Organizations that are able to find and seize opportunities in an ever-evolving economy and dito job market, will need a strong employer brand to attract enough talent, and more so talent that fits their identity, goals, and culture. In this article you will find some strategic concepts and steps from marketing and brand management, applied to the process of creating and managing a great employer brand.
The COVID-19 pandemic and resulting lockdowns worldwide have changed the game for recruiters and job-seekers alike. Many organizations are now letting employees go and some will continue to do so, as the economic ramifications of the current crisis will continue to develop over the upcoming months.
At the same time, companies who are able to find and seize opportunities in the new post-corona world, will grow - and need quality talent to fulfill their ambitions.
One thing that will not have changed, and that if anything will only be more impactful after (but also during) the current crisis - is the importance of a great employer brand. A great employer brand not only helps to attract people by helping talent find you - it also helps you find people that are the right fit for your organizations' goals, identity and culture.
Here you will find some general strategic concepts and steps from marketing and brand management, applied to the process of creating and managing a great employer brand.
Posting a job opening and expecting a flow of perfectly fitting applicants is no longer an option. These days, HR and recruitment are tasked with employer branding that markets the company to exactly the right potential job applicants, and gets them and only them excited.
What exactly is an employer brand? Every business has an employer brand, whether it’s intentionally constructed or not.
An employer brand is nothing more than a sub-segment of your larger brand identity, aimed at a subsection of stakeholders for your brand - in this case potential new coworkers.
As you can read in [this article], a brand is built up out of the core idea or purpose of a company and the tangible/visual representations of that idea, and manifests itself through the four vectors of product, environment, communication and behavior. The behavioral aspect is paramount to employer branding, as it relates to how people in your organization relate and behave to each other first, and to external stakeholders second.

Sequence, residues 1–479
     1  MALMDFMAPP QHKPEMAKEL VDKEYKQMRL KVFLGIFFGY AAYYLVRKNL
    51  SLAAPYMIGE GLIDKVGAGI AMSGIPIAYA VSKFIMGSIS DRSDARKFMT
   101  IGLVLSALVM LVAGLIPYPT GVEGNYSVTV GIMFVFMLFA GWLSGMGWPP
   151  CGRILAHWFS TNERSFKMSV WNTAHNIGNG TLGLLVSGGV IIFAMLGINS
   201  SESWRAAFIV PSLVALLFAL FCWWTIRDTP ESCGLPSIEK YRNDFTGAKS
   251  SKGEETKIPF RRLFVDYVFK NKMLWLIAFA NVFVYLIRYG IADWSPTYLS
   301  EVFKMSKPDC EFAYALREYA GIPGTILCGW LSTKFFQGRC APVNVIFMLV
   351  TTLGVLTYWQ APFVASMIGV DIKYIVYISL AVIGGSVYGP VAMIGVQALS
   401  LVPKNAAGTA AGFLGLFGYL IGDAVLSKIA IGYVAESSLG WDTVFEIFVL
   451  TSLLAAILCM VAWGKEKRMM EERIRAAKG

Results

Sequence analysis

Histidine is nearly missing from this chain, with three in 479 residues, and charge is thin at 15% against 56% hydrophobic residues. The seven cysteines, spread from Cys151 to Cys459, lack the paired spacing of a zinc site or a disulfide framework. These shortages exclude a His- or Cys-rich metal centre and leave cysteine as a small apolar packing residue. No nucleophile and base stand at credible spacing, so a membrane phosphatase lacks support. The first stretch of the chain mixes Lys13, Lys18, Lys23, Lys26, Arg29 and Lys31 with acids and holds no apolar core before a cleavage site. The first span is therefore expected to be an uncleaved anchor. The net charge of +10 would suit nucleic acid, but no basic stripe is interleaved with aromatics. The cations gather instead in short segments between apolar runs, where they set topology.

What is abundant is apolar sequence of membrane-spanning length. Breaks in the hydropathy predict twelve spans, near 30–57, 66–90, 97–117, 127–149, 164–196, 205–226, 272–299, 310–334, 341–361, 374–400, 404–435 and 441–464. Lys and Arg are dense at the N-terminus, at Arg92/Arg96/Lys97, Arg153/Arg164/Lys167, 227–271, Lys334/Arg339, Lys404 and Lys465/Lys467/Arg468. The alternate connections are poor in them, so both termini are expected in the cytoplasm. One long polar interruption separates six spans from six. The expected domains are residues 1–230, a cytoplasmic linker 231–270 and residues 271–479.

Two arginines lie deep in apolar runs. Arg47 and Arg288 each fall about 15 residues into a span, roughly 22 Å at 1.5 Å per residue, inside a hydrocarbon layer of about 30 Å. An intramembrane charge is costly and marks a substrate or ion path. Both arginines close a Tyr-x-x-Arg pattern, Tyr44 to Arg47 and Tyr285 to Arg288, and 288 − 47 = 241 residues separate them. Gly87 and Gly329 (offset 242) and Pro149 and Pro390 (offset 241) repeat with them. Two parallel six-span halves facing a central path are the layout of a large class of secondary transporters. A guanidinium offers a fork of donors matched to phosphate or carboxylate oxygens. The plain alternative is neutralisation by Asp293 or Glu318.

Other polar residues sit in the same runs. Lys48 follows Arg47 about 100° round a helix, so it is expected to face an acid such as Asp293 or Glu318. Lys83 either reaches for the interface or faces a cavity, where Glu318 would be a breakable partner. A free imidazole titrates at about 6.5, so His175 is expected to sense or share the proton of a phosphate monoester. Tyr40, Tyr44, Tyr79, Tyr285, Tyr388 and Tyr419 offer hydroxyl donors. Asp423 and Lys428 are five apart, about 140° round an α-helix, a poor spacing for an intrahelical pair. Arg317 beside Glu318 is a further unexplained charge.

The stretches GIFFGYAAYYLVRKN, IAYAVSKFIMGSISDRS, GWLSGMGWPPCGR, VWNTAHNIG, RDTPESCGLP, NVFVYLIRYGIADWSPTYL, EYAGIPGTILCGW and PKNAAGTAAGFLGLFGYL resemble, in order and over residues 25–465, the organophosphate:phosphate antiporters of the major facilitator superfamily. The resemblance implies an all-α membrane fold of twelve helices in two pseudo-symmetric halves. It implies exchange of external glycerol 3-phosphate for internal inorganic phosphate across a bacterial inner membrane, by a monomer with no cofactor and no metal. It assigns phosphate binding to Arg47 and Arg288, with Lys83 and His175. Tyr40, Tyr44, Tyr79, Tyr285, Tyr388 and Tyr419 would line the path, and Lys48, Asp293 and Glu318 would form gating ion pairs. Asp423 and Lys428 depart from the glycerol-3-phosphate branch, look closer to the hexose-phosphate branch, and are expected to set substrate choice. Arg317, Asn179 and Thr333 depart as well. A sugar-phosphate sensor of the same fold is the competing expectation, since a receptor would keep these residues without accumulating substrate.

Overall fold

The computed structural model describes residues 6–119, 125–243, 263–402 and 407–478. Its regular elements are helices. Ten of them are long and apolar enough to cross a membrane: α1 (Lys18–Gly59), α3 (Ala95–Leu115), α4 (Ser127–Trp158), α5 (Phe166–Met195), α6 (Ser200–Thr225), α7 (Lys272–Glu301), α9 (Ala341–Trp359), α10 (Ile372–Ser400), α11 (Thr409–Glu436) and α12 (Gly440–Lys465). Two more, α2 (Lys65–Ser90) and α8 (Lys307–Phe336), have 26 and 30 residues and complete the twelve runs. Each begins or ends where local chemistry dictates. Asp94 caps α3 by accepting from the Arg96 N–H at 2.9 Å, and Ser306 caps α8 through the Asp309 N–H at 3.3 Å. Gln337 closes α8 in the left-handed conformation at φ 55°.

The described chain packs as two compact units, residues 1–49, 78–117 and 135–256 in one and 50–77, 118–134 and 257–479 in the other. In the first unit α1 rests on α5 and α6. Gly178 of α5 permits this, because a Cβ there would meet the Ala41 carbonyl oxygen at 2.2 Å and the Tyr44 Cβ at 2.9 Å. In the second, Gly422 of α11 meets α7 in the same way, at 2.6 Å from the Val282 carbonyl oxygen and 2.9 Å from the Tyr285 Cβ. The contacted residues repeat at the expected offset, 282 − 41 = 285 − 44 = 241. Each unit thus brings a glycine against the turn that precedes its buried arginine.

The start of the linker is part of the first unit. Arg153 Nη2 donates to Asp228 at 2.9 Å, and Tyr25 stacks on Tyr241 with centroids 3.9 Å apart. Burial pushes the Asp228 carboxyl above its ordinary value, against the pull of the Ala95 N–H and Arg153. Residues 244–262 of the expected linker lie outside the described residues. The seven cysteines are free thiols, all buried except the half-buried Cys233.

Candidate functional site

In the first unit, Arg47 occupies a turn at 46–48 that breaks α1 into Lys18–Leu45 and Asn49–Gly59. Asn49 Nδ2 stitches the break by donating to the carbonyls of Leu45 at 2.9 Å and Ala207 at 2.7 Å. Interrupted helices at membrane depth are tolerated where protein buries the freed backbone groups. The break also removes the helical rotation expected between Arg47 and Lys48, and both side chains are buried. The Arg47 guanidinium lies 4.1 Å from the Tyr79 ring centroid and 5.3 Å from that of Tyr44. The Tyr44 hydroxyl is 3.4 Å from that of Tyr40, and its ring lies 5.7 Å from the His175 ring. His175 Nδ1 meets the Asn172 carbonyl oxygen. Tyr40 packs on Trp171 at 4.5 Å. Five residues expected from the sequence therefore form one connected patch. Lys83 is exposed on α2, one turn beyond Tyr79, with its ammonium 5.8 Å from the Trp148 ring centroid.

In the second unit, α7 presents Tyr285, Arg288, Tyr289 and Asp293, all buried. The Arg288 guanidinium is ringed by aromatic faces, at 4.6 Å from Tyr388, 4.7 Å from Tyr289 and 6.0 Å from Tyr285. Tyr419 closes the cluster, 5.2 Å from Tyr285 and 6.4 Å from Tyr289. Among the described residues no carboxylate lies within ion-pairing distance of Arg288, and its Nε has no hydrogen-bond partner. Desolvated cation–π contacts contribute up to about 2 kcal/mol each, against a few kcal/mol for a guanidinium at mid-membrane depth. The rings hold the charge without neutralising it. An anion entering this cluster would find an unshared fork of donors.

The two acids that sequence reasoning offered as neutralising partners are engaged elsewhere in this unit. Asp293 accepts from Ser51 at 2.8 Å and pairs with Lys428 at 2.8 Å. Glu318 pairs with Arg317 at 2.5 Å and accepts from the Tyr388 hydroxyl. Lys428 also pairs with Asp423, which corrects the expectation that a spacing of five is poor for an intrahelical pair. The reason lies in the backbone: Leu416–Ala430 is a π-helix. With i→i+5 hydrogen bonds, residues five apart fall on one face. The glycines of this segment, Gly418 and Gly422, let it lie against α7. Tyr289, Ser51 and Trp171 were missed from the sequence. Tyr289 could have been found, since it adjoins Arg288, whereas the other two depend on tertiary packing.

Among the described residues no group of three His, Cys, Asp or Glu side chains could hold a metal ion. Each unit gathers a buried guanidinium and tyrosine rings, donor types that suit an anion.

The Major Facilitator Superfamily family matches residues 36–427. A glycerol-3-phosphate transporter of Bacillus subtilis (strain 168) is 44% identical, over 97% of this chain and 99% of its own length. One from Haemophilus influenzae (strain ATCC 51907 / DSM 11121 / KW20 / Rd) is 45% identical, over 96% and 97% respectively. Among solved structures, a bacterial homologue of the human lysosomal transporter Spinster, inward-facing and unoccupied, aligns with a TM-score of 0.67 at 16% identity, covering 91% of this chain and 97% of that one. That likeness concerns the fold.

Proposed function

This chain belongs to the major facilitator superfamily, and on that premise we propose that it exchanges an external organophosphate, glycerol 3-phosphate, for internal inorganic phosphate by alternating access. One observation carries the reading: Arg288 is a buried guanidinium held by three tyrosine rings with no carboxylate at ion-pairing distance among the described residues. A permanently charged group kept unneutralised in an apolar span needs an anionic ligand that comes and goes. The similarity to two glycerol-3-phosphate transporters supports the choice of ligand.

As with any aspect of your brand, it is first and foremost imperative that your employer brand works inside out, and that it is aligned with your company identity, mission, purpose and culture. Only from that starting point does it make sense to start thinking about communications, design, and campaigns.
Your employer brand is the way your business is perceived in the job market. Investing in an employer branding strategy allows you to control that perception.
Not only does employer branding (or lack thereof) affect the way your company is perceived by potential candidates, it also affects the way it’s perceived by existing employees. People talk about work with friends and family. Not to mention, websites like Indeed.com and Glassdoor.com allow people to rate and review their employers. What they say inevitably shapes a certain image of your company.
It is therefore vital to include a positive employee experience in your employer branding strategy. Always work inside out when thinking about, creating and managing your brand.
A strong employer brand will help you attract a higher number of qualified candidates, reduce time to hire, and lower the costs of recruitment. That's because a strong employer brand that is aligned with your corporate identity will only make it the more likely that you are able to attract not just enough people, but more so the people that are a great fit.
Once you have hired new talent, a strong employer brand will also help you retain that talent.
With the strategic value of an employer brand and the inside-out reasoning in mind, hereunder we outline a basic six-step tactical plan to creating a strong employer brand.
Hopefully the insights and steps in this article are helpful to you in thinking about and creating your employer brand. But where do you go from there? In terms of creating a great employer brand by way of making sure your existing employees are happy, maybe it's a good idea to learn some more about creating and managing employee experience.
If you're interested in how you could better manage a brand, or a sub-segment of your brand such as your employer brand, maybe it would be useful to learn more about how a tool such as a Digital Asset Management platform could be of value.
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